Dissertation/Thesis Abstract

Psychotherapists' use of outcome measures in psychotherapy practice: Differences related to academic background
by Scheepers, Elisabeth M., Ph.D., Capella University, 2014, 122; 3624843
Abstract (Summary)

This study investigates (a) the use of outcome measures among psychotherapists working at family and community service agencies in Canada and (b) whether there are differences in the reasons to use or not to use outcome measures among therapists of different academic backgrounds. One hundred thirty agencies offering family and community service to the English speaking population in Canada were invited to participate in the study. Forty-four agencies (33.8%) provided site permission and 165 participants contributed to the survey. One hundred thirty six respondents reported to use outcome measures while 29 stated not to use outcome measures. Analysis of variance (ANOVA) was used to determine whether academic background had an effect on two separate factors of reasons to use outcome measures (i.e., treatment factors and business reasons). No significant difference was found in the reasons to use outcome measures among users of different academic backgrounds. Both psychologists and social workers rated treatment factors as most important, followed by business reasons. Treatment factors include the tracking of client progress, determining the strengths and weaknesses of the therapists, providing information on whether a different treatment plan is warranted and the belief of therapists that measuring outcomes is an ethical practice. Business reasons are the agency's requirement to track client progress and the gathering of data for research and publication. The differences in the reasons not to use outcome measures could not be determined through a comparative statistical analysis as the assumptions of ANOVA were violated and the sample size was too small for a valid Kruskal Wallis test. The majority of users (47.3%) indicated that they use outcome measures at intake and at discharge, while 27.9% of users indicated that they use them after every session. Only two formal outcome management systems (the Outcome Questionnaire Measures and the Partners for Change Outcome Measurement System) were commonly used, by a total of 56 of the users, with only one participant using the Clinical Outcome in Routine Evaluation.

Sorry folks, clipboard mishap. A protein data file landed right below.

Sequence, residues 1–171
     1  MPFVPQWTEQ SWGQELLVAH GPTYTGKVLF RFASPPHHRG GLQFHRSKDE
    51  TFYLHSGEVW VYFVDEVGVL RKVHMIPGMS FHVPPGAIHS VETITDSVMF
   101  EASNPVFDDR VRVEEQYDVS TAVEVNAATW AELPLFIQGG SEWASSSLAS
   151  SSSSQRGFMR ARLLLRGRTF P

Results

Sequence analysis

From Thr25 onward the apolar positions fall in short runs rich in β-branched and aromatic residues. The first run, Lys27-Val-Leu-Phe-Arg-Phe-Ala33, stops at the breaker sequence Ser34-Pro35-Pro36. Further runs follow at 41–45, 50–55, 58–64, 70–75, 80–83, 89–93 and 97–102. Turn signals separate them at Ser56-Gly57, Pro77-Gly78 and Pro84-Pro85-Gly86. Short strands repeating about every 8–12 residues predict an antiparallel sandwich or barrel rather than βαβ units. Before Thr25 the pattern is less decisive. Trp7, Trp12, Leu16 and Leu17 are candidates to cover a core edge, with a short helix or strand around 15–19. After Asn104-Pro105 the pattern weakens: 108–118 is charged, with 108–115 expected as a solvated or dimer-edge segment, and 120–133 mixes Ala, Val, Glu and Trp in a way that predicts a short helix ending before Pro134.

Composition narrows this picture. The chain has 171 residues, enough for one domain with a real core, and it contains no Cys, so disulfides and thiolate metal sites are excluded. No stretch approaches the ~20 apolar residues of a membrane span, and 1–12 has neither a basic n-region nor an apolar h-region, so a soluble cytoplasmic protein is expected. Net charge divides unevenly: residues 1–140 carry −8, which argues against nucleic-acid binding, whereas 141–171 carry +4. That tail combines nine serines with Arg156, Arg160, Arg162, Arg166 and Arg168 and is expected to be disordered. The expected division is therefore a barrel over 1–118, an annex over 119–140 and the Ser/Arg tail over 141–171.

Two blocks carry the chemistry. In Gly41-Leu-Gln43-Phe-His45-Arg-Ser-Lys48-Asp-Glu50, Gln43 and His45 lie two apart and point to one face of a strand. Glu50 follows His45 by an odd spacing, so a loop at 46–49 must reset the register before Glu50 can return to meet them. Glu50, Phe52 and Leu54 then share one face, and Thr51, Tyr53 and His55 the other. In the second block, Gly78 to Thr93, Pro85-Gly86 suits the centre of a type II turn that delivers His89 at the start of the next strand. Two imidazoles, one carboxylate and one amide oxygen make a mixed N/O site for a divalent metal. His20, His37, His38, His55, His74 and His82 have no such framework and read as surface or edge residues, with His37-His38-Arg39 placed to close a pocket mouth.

Indexing (document details)
Advisor: Caffaro, John V.
Commitee: Piotrowski, Nancy A., Reddout, Jeffrey
School: Capella University
Department: Social and Behavioral Sciences
School Location: United States -- Minnesota
Source: DAI-B 75/10(E), Dissertation Abstracts International
Subjects: Counseling Psychology, Quantitative psychology
Keywords: Canada, Clinical practice, Outcome measures, Psychotherapy
Publication Number: 3624843
ISBN: 978-1-303-98998-8
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